Common Grounds

Part of the problem: A better European approach to human rights in the Middle East and North Africa

December 23, 2021

Source: European Council on Foreign Relations


By James Lynch 

Published November 18, 2021

Part of the problem: A better European approach to human rights in the Middle East and North Africa

A student poses for a photograph during a protest rejecting the December presidential election and against the country’s ruling elite in Algiers, Algeria, November 2019Image bypicture alliance / REUTERS | Ramzi Boudina©




- Authoritarianism is once again on the march in the Middle East and North Africa, causing the human rights situation there to deteriorate.

- European countries allow migration and security concerns to drive their relationships with governments in the region. They too often issue implicit and even explicit support for regimes – making them part of the problem on human rights.


- European leaders need to resist the temptation of reverting to the “Mubarak model” – repressive leadership will not provide stability in Europe’s southern neighbourhood.


- In fact, Europeans have more leverage than they generally acknowledge. They should more systematically integrate human rights considerations into their policymaking, embedding them as a matter of course in existing relations with Middle Eastern and North African countries.


- Europeans must commit to some tough diplomacy, including in public. Critically, they need to be much more consistent in how they treat abuses by both their regional partners and rivals.


- They should also pursue less obvious but hugely important issues such as tackling corruption to improve economic and social rights.


Table of contents

Introduction: Human rights and European priorities

How European commitments play out in practice

European leverage and human rights

How Europe can be more effective


About the author


Introduction: Human rights and European priorities

Human rights and its close relatives, democracy and the rule of law, are increasingly important for European governments – because all three are coming under growing pressure. What is often called the rules-based, or liberal international, order is vulnerable. Europeans helped build this order after the second world war, and the human rights framework is core to it. Countries such as China and Russia are mounting explicit challenges to the order, while the Trump administration’s time in office demonstrated that Europeans can no longer rely on a bipartisan consensus in Washington that consistently supports global institutions and multilateralism. Chancellor Angela Merkel has called the erosion of international institutions “the biggest threat to the world”, President Emmanuel Macron has decried the fact that “international law and all forms of cooperation [are] crumbling, as if it were business as usual”, and the United Kingdom says it will respond to “a situation where our values are being challenged”.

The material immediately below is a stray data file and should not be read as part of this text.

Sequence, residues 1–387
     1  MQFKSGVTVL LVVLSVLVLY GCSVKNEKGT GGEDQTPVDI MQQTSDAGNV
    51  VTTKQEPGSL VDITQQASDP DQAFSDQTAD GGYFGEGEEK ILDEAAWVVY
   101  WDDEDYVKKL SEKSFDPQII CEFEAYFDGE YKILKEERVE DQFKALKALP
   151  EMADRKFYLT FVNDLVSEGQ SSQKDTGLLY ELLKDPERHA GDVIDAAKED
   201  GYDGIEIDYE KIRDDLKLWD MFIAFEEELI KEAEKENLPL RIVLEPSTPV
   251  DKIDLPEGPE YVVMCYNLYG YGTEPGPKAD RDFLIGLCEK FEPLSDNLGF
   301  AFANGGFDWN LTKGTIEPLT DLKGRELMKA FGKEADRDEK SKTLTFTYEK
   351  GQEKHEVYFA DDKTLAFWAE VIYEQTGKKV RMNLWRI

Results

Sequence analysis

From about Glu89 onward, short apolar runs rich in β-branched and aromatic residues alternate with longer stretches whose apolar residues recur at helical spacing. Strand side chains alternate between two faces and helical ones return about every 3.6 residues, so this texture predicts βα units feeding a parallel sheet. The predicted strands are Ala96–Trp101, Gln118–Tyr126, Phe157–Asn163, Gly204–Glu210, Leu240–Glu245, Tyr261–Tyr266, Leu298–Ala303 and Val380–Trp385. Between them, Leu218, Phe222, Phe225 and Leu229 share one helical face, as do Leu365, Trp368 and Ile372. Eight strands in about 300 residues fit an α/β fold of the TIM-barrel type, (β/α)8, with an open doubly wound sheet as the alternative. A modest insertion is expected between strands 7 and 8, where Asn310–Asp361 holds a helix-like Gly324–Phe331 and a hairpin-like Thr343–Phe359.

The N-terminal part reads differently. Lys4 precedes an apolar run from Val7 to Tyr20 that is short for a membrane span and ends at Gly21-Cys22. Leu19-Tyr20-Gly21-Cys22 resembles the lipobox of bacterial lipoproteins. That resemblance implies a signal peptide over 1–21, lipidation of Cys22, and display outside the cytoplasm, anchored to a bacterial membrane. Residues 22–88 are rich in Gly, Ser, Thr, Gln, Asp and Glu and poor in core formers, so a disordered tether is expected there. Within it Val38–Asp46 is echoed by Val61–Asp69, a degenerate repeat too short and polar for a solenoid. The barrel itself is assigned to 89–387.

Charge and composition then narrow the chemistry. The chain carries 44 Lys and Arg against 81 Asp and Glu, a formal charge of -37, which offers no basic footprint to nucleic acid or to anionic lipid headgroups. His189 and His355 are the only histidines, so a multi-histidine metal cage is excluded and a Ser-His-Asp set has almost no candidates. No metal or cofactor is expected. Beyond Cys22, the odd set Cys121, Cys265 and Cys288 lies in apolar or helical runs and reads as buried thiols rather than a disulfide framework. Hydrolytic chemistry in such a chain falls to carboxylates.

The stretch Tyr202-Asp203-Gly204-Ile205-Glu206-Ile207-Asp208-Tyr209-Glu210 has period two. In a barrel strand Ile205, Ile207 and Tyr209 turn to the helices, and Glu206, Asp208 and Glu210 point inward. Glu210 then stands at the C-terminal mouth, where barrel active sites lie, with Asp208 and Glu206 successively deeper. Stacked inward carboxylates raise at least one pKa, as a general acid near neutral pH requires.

The political project of the European Union is underpinned by agreement to implement human rights norms, and this commitment extends into European foreign policies. Germany calls human rights a “non-negotiable” element of its foreign policy, while the Council of the EU has called them a “cornerstone of its external action”. This is ever more relevant as human rights and democracy come under assault at both an ideological and practical level. The late 2010s saw a global trend towards authoritarianism, causing concerns that democracy is in retreat, while global human rights institutions supposed to help embed universal norms have been gradually undermined, or faced direct attacks. China has, with increasing determination, promoted rival human rights ‘norms’, arguing that sovereignty must be paramount and human rights should be treated primarily as internal affairs. It has built a strong body of support for this position among other governments: as early as 2008, the European Council on Foreign Relations tracked declining support at the United Nations for European positions on human rights and parallel increases in support for stances backed by China.